Rumour has it that AMD’s “Big Navi” GPU isn’t as powerful as expected

Rumour has it that AMD's

Rumour has it that AMD’s “Big Navi” GPU isn’t as powerful as expected

We should all know by now that AMD plans to release its first RDNA 2 graphics cards before the end of the year, offering customers next-generation Radeon performance and the same feature set as both next-generation consoles. Early rumours regarding AMD’s RDNA 2 “Big Navi” graphics card was that it would be an “Nvidia Killer”, but new reports suggest that this will not be the case. 

As we approach launch, AMD will be sharing more and more information with their Add-in-Board partners, such as ASUS, Sapphire, Gigabyte, MSI and XFX. As these discussions take place, more avenues for data leaks will appear, allowing more and more information to leak onto the web. 

CoreTeks has reported that AMD has started to share information with “sources in Asia”, who have claimed that “Big Navi” isn’t as powerful as expected. Coreteks reports that AMD’s next-generation flagship will only be 15% more powerful than Nvidia’s RTX 2080 Ti, and that is in “optimised” titles. 

With this in mind, AMD’s next-generation flagship is expected to be an RTX 3080 competitor. That’s a far cry from the reports that AMD’s RDNA 2 flagship would deliver a 50% performance lead over Nvidia’s RTX 2080 Ti.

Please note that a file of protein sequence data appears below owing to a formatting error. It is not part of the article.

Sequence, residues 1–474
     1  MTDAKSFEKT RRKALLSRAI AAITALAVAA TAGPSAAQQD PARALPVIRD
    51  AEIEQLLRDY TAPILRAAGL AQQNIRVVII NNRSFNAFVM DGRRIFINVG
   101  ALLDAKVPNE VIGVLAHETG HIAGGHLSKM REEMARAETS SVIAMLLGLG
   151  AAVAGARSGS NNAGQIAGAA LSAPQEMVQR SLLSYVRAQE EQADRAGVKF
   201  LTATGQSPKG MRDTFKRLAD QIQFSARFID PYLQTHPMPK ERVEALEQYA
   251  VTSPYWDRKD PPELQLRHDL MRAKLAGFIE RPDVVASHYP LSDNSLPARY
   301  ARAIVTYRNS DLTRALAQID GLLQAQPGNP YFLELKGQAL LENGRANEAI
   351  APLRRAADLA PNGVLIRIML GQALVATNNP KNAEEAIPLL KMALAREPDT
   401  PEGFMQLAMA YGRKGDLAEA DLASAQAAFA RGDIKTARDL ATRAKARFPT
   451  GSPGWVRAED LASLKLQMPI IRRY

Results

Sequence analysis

AMD is reportedly planning to price their RDNA 2 flagship to undercut Nvidia’s RTX 3080, offering consumers more value than their opponent within the high-end market. Lower-end Navi SKUs will be competitive with Nvidia’s other RTX 30 offerings, though this leaves Nvidia’s hypothetical RTX 3080 Ti with no competition. 

Rumour has it that AMD's  

AMD has claimed that their RDNA 2 graphics architecture will deliver a 50% increase in performance-per-watt over today’s RDNA offerings. The specifications of Sony’s PlayStation 5 console also suggest that RDNA 2 will also deliver PC users significantly higher clock speeds than AMD’s older graphics architectures. 

RDNA 2 is a game-changing architecture for AMD, as it grants AMD the full next-generation feature set and architectural parity with both next-generation console systems. Even if “Big Navi” isn’t a resounding success within the PC market, it will be a highly profitable architecture for AMD because of console sales alone. 

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